African Elephants

African Elephants


Everyone knows that elephants are the largest mammals on earth, but do you know what the largest elephant species is?! The answer is the African Elephants. This breed can weigh up to six tonnes, heighten up to 330 cm at the shoulder, and be 750 cm long.


There are many uses of the trunk, that extends from the upper lip to the nose, such as sucking up water for bathing or drinking, greeting other elephants, trumpeting warnings, and picking up objects. However, there are 2 opposing extensions at the end of the African elephants’ trunks, while there is just one for the Asian elephants.

African Elephants 2
African Elephants

Tusks can be grown in both female and male African elephants, and they could be right or left. However, the African elephant uses the smaller tusks due to tear and wear. There are also many uses of elephant tusks such as digging, stripping bark from trees, gathering food, feeding, moving and lifting objects, fighting, protecting the trunk of the elephant and marking.


Having large ears is another notable characteristic of African elephants. They can radiate excess heat thanks to this feature.


There’re 2 subspecies of African elephants. The smaller is Loxodonta africana cyclotis, which is also known as forest elephants. These elephants live in the equatorial forests of western and central Africa. The second subspecies, the larger, Loxodonta africana africana, is also known as savannah elephants. These elephants roam woodlands and grassy plains.


Forest elephants are smaller and darker than savannah elephants, and their tusks downward pointing and straighter. Whereas the savannah elephants have curve-outwards tusks.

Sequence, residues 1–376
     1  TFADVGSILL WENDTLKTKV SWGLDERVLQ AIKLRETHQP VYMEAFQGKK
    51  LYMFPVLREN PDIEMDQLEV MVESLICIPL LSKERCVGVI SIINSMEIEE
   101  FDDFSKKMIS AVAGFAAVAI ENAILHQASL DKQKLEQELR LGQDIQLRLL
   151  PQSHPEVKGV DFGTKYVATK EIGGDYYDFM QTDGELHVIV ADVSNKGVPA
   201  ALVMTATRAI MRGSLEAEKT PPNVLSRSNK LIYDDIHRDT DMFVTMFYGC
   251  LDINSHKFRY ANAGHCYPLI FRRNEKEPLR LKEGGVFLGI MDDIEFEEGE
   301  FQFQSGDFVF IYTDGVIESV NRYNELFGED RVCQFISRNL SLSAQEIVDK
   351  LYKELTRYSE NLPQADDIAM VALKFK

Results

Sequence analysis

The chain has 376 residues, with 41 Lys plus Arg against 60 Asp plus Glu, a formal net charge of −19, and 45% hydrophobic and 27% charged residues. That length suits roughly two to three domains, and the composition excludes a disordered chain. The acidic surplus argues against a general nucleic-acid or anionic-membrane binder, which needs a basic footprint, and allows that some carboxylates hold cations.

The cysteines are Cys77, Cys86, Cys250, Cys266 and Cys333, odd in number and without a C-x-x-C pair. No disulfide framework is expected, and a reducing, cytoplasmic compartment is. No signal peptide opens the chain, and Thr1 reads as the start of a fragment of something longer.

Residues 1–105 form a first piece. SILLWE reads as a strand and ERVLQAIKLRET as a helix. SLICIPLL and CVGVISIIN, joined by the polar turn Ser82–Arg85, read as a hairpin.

Social structure

The mama elephant leads all the elephants by organizing them into complex social structures of calves and females, while the male ones prefer to stay in little groups of males or to live in isolation.

In the forest subspecies, the elephants tend to live in small family units. On the other hand, the savannah elephants’ families’ unit contains about 10 members in general, the families can also form a ‘clan’ that contains up to seventy individuals led by a female elephant.

Life cycle

The gestation period of the female elephants is the longest period of any mammal, which is almost twenty-two months. The mama elephant gives birth to a calf every 4-5 years. Generally, young elephants continue nursing for 6-18 months, although some of them do not get weaned for more than six years!


When male calves reach puberty, they leave the herd, while females may stay for their whole lives with their maternal herd.

The common age that elephants reach is around 70 years, with males being able to compete for mating in a successful way when they are 20. However, females are most fertile between 25-45 of age.

The main meal of African elephants is branches of trees and bushes and leaves. Furthermore, they eat bark, fruit, and grasses.



African elephant

Loxodonta africana spp


330 cm

750 cm

Endangered STATUS:

4-6 tonnes

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